Everything You Need to Know About Syphilis Showing in a Routine Blood Test

Are you wondering if syphilis would show up in a routine blood test? It's an important question, as early diagnosis and treatment can help prevent severe complications from this sexually transmitted infection (STI).

Syphilis is a highly contagious and potentially life-threatening sexually transmitted infection (STI). While it can be treated, it can cause serious long-term health complications if left untreated.

So, it is crucial to know whether or not a routine blood test can detect the presence of syphilis. In this blog post, we will cover everything you need to know about whether or not syphilis shows in a routine blood test.

Read on to learn more!

What is Syphilis?

Syphilis is a sexually transmitted infection caused by the bacterium Treponema pallidum. It is spread through direct contact with an infected person's genitalia, mouth, or rectum. Syphilis can cause serious health problems if not treated.

The infection can be divided into four stages: primary, secondary, latent, and tertiary. In the preliminary stage, the first symptom is a sore called a chancre that appears on the genitals, rectum, or mouth.

During the secondary phase, more sores may occur, along with fever and swollen lymph nodes.

In the latent stage, there are no symptoms, but the bacteria remain in the body and can be passed to others through sexual contact.

The tertiary stage can occur 10-30 years after the initial infection and may involve damage to the heart, brain, eyes, and other organs.

If left untreated, syphilis can be deadly. Early diagnosis and treatment are crucial to preventing the disease from progressing to a more severe stage.

What are the Symptoms of Syphilis?

Syphilis is one of the most common STIs and can be spread through contact with an infected person's body fluids, such as through vaginal, anal, or oral sex.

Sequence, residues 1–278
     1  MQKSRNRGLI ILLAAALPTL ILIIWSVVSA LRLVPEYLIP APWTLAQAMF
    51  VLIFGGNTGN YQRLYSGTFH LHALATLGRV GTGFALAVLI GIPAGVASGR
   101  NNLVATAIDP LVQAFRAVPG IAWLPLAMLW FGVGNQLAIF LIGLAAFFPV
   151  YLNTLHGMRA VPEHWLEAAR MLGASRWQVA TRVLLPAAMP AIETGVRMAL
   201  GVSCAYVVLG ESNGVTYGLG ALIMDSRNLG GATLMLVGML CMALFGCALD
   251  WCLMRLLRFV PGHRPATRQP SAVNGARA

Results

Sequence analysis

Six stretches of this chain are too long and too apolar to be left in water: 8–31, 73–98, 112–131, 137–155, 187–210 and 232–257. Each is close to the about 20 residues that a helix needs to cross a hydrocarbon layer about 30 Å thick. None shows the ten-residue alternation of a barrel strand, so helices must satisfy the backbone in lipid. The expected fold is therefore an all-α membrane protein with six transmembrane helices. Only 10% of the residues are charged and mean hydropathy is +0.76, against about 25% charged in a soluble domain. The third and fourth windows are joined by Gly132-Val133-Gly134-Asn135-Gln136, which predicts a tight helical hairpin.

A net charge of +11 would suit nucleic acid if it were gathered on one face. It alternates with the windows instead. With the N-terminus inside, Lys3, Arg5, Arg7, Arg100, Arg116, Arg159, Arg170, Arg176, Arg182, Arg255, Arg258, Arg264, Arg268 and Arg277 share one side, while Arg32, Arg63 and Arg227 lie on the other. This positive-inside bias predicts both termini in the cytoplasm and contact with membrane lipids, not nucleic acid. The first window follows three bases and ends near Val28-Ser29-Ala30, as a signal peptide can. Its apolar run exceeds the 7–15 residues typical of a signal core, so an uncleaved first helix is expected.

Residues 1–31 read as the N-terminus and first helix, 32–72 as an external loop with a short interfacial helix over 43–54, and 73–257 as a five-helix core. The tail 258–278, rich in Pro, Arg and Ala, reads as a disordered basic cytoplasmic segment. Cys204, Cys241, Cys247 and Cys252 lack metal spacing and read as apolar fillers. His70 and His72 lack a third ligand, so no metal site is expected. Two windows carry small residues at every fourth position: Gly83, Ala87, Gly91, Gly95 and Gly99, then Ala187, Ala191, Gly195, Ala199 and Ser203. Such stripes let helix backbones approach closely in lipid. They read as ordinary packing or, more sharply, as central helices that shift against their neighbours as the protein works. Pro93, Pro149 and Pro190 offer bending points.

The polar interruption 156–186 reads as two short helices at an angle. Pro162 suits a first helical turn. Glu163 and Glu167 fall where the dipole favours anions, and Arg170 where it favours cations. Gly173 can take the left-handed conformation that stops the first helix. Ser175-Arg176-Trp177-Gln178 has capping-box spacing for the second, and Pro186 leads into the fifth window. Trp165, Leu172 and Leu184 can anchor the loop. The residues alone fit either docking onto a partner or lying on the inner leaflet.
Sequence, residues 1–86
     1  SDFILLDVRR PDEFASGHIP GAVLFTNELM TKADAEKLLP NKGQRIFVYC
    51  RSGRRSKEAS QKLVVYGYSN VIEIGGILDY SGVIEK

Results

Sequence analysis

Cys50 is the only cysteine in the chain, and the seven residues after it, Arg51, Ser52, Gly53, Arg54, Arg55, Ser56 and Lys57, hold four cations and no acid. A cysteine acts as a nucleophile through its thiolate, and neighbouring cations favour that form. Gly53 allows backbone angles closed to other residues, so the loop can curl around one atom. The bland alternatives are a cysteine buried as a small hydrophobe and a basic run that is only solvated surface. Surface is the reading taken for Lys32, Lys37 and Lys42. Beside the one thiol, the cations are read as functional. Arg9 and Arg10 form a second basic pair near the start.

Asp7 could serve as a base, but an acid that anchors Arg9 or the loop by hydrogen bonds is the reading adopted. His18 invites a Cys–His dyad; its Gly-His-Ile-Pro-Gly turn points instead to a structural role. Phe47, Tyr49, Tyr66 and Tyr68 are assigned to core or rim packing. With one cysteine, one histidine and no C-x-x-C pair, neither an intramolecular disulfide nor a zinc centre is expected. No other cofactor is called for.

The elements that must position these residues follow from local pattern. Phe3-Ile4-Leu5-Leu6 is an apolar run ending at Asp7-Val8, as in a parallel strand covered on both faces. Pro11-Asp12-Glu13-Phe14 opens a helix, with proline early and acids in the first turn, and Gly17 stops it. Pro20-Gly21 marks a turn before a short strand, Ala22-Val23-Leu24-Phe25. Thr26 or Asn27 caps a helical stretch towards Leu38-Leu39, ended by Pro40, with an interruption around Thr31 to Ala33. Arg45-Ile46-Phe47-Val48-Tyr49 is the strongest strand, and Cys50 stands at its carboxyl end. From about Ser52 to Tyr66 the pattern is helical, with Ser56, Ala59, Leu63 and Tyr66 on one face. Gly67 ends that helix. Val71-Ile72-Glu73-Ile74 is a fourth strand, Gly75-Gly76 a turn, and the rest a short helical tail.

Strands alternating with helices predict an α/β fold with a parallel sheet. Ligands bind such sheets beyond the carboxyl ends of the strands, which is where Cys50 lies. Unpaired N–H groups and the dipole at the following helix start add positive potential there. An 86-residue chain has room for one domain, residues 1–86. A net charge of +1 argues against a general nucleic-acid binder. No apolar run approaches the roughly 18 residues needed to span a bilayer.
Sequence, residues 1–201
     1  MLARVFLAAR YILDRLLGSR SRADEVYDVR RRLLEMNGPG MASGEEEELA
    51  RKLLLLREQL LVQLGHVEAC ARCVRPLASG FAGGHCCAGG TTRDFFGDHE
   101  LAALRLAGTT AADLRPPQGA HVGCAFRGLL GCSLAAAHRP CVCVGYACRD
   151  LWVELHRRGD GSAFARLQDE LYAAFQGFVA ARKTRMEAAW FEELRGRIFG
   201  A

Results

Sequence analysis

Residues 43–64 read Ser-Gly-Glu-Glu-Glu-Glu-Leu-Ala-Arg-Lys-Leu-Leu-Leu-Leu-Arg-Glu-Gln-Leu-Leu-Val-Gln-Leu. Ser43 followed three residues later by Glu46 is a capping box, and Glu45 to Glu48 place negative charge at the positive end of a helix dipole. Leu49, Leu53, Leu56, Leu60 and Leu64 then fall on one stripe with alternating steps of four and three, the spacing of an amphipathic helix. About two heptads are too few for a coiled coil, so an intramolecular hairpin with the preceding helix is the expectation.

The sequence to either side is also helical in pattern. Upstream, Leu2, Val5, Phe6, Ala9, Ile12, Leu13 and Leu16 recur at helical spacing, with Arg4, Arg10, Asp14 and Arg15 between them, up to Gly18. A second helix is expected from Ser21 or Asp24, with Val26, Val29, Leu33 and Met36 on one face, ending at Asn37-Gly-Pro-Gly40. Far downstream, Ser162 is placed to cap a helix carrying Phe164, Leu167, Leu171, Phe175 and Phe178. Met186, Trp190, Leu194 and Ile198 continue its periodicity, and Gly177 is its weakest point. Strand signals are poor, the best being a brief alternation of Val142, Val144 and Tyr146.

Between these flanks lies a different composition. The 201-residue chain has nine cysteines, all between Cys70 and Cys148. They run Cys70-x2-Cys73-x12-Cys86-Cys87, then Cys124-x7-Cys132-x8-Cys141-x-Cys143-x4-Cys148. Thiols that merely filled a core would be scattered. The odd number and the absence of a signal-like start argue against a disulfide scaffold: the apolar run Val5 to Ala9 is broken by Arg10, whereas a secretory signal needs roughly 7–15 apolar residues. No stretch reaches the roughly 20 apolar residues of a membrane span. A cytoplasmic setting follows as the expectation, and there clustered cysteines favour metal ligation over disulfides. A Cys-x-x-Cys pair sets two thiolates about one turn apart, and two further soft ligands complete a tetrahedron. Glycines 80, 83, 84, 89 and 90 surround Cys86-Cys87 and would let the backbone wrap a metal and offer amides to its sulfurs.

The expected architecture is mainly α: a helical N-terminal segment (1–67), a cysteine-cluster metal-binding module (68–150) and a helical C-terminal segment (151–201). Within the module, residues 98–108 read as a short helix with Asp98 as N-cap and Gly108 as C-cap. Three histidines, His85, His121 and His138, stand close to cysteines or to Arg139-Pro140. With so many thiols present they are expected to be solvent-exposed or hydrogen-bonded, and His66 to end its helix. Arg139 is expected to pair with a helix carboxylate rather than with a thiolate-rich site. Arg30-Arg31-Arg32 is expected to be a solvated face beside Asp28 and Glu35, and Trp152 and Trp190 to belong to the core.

It is important to be aware of the signs and symptoms of syphilis so that you can seek prompt treatment if needed.

The most common symptoms of syphilis are sores, rashes, and lesions on the skin, but there can also be flu-like symptoms such as fever, swollen lymph nodes, and sore throat.

In the early stages of infection, the sores that can form may look like small red bumps or be larger and more painful.

These sores can occur in the genital area, on the lips, in the mouth, or around the rectum. As the infection progresses, these sores can become ulcers.

A syphilis rash can appear anywhere on the body, although it most commonly appears on the palms of the hands and soles of the feet.

The rash looks like tiny round spots or scars and is usually not itchy. It is important to note that these rashes can sometimes be confused with other conditions like scabies.

How is Syphilis Transmitted?

Syphilis is usually transmitted through unprotected sexual contact, but it can also be transmitted from mother to baby during pregnancy or childbirth. Syphilis can be transmitted through contact with open sores, even if there is no intercourse involved.